Under all of the various flat tax proposals, everyone gets the same tax credit or income deduction which makes a major reduction, or elimination in what lower income households pay in tax or even receive as a credit.

      You do your readers a disservice not including these deductions and credits, as readers relying on this diary will come across as especially misinformed if they repeat what is in this diary.

      Flat taxes can also be progressive, and even more progressive that our current taxes, as this depends upon the rates used, does it also include Medicare and Social Security taxes, what is the size of individual deductions and credits and how individual taxation integrates with corporate taxation and capital gains.

      The most important way to protect the environment is not to have more than one child.

      by nextstep on Sun May 15, 2011 at 02:33:25 PM PDT

      [ Parent ]

      •  I didn't find anything resembling (1+ / 0-)
        Recommended by:

        a unified voice on this issue.  I just found a few things like Freedom Works saying that we need a flat tax and going no further with it.  There really isn't much specific detail on the idea that any group is pushing (at least that I found).  I would've liked to have included the "Fair Tax" proposal in this diary, but I had to wrap it up so I could get to some commitments I had.

        "Freedom of the press belongs to the man who owns one." -- A.J. Liebling

        by Ross Lampert on Sun May 15, 2011 at 07:40:41 PM PDT

        [ Parent ]

        •  Most notable Flat Tax is from (0+ / 0-)

          Stanford Professors Robert E. Hall and Alvin Rabushka.  There book is available as PDF at:

          Several former Soviet states have used them as consultants in forming their tax policy.

          Fair tax is different from the Flat Income Tax proposals.

          The most important way to protect the environment is not to have more than one child.

          by nextstep on Sun May 15, 2011 at 10:42:24 PM PDT

          [ Parent ]

  •  Doesn't Matter Once We Abandon Protective Taxes (1+ / 0-)
    Recommended by:

    All the fairness in the world can't save the middle class.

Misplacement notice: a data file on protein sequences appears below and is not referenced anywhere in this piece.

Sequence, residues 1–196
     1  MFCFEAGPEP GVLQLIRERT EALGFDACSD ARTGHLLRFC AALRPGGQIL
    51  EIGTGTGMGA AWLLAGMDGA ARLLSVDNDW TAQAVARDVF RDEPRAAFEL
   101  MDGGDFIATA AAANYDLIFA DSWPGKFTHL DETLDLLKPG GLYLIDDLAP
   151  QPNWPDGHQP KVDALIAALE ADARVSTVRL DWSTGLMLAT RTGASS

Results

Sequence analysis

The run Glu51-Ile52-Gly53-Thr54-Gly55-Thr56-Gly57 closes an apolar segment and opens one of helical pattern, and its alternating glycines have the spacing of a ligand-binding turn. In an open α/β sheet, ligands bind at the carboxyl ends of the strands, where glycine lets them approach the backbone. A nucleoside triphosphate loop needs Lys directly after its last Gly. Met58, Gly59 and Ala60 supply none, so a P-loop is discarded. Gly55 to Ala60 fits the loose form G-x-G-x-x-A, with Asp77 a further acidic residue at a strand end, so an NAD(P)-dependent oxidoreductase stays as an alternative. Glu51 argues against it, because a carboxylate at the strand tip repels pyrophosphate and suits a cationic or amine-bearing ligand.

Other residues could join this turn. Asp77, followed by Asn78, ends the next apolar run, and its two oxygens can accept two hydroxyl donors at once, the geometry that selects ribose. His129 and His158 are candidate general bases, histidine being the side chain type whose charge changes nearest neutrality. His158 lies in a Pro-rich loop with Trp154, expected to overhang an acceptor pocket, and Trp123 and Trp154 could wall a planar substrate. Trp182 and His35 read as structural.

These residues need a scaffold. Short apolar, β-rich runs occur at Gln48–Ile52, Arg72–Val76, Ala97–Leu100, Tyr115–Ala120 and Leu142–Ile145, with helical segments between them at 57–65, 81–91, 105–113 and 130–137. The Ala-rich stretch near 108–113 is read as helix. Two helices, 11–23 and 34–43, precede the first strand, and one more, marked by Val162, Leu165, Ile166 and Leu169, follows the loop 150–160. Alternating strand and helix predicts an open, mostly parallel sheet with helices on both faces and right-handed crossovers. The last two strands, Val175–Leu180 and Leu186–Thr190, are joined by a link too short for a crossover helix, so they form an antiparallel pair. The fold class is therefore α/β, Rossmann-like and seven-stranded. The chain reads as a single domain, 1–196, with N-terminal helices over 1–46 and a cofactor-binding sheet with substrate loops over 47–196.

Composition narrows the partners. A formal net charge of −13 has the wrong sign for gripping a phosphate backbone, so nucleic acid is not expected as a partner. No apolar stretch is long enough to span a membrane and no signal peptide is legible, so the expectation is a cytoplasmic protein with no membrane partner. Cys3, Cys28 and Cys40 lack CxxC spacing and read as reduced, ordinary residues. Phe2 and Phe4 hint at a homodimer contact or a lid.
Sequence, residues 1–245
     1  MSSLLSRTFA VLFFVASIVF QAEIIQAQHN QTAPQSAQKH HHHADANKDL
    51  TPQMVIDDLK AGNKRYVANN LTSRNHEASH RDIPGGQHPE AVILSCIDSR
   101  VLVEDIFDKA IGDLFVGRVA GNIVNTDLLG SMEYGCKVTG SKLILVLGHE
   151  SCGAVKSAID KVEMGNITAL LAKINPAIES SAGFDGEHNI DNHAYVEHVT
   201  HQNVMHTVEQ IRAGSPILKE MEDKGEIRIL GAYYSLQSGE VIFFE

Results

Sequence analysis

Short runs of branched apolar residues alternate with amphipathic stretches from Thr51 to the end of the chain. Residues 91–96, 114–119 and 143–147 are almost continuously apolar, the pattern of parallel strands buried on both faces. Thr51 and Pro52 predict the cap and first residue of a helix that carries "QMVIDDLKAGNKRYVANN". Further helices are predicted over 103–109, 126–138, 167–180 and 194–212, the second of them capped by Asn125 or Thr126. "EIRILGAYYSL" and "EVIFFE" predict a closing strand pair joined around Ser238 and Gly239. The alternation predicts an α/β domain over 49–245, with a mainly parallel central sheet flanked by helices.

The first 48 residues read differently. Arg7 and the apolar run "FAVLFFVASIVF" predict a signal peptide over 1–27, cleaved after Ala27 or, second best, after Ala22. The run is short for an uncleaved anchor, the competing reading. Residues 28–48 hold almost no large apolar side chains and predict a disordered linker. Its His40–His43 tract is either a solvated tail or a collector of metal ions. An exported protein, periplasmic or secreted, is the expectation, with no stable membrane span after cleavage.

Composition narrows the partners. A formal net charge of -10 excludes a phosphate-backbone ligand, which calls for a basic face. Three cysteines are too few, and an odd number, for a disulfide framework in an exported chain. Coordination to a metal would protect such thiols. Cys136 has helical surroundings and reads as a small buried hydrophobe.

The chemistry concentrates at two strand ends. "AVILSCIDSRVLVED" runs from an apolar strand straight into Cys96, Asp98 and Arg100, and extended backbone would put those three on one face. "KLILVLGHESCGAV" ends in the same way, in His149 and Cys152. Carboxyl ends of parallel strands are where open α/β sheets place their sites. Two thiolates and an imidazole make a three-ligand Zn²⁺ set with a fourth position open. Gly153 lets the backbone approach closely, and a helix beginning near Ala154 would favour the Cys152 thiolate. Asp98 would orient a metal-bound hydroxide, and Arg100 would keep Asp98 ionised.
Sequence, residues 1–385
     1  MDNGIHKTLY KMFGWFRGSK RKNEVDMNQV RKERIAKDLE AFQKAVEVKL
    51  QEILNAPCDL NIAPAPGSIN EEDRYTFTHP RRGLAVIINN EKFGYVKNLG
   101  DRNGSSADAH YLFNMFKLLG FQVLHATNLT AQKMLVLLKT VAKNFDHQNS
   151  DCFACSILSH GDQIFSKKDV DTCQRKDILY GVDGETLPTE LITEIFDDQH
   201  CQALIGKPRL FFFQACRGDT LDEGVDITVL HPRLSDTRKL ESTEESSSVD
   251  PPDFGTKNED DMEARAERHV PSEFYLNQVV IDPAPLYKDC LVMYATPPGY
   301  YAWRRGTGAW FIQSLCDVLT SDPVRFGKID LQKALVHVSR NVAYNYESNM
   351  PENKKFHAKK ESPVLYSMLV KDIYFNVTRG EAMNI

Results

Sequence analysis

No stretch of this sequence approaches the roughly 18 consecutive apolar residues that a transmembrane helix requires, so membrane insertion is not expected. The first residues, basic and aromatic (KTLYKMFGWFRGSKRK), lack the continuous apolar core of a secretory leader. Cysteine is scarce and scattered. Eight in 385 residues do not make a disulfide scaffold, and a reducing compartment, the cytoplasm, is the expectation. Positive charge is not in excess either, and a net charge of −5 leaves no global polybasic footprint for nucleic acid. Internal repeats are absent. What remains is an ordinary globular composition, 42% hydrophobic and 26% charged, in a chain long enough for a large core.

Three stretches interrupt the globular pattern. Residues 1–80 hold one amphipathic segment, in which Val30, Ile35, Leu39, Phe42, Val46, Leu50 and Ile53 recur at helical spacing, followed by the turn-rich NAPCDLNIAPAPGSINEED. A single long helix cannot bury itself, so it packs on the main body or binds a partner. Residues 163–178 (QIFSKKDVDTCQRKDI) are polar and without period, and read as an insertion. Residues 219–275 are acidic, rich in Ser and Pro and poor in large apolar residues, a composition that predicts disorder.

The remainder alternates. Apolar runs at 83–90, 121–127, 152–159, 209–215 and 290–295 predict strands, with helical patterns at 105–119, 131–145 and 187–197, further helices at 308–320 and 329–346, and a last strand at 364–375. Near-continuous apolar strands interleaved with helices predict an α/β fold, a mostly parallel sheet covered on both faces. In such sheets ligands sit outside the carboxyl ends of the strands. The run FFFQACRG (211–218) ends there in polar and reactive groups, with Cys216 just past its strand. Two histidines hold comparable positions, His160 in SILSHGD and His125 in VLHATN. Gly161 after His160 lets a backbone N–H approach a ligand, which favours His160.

As long as the highest incomes are allowed to mostly be taken home, no matter how great or how fast they come, the very rich will straightforwardly acquire most of the wealth of society and the middle class becomes mostly working poor.

    We are called to speak for the weak, for the voiceless, for victims of our nation and for those it calls enemy.... --ML King "Beyond Vietnam"

    by Gooserock on Sun May 15, 2011 at 01:51:10 PM PDT

  •  Mr. Paulson does not pay a 35% tax rate. The (1+ / 0-)
    Recommended by:

    majority of his income is classified as "carried interest" and subject to a 15% tax rate.  

    "Because I am a river to my people."

    by lordcopper on Sun May 15, 2011 at 02:08:56 PM PDT

  •  The rate doesn't matter if people don't pay it. (0+ / 0-)

    The best argument in favor of a flat tax with no deductions is that it's the only way the wealthy and the corporate types will pay anything. Under the current system they  just hire  someone to find loopholes and pay zero. The middle and lower income earners end up with a theoretically lower burden but actually pay more. Sorry if that sounds cynical, but that seems to be the way things really work.
    In addition, a flat tax with no deductions could make it so that every citizen could fill out their tax return themselves, removing the burden of record keeping and of paying a professional to do your  taxes. (To say nothing of the burden of being audited by the IRS.) Removing deductions would save a great deal of time and stress and remove the perverse incentives to spend money on things that minimize taxes instead of what is actually good for your family or business.  
    Our  current system has been manipulated so that the wealthiest people in the country pay nothing because they have made their pet projects tax deductible, and if  we don't stop that, tinkering with the rates won't change a thing.  

    •  You don't need a flat tax to eliminate (2+ / 0-)
      Recommended by:
      x, Ross Lampert

      the deductions. This can also be done with a graduated tax.  But a graduated tax is also progressive and counters the other taxes (sales, excise, property, payroll etc.) that are regressive.

      •  So has anybody suggested that? (0+ / 0-)

        If anyone has suggested ending deductions outside the flat tax proposals, I haven't heard about it. And if anyone has, I unequivocally support them, whoever they are. I would love to see an end to signing a tax form every year and by doing so swearing that it is correct when in fact I don't understand it. My friends in Britain find or system baffling. Come to think of it, so do I.  

        •  Regular people have suggested this... (1+ / 0-)
          Recommended by:

          but you hardly ever hear this kind of talk from congress critters.  They're too dependent on donations from wealthy individuals to contemplate closing the tax loopholes that keep their patrons wealthy.  I would highly recommend the book "Take the Rich off Welfare".  It goes into great detail about the some of the ways that the wealthy and corporations avoid and evade taxes.  The authors make conservative estimates on how much it would save to close certain loopholes and eliminate I recall, it was in the billions of dollars back in 2004 (when the book was published) and it's probably much more than that now.

          "Freedom of the press belongs to the man who owns one." -- A.J. Liebling

          by Ross Lampert on Sun May 15, 2011 at 07:51:15 PM PDT

          [ Parent ]

  •  For me, it's quite simple: (0+ / 0-)

    Taxes pay for government services, such as national defense.  That's as far as I need to go for proof that the wealthy benefit more from each tax dollar than the poor.
    It's very simple:  If and when the barbarians DO break down the gates, they won't be heading for the ghettos.

    Kick apart the structures - Seth

    by ceebee7 on Mon May 16, 2011 at 01:10:43 PM PDT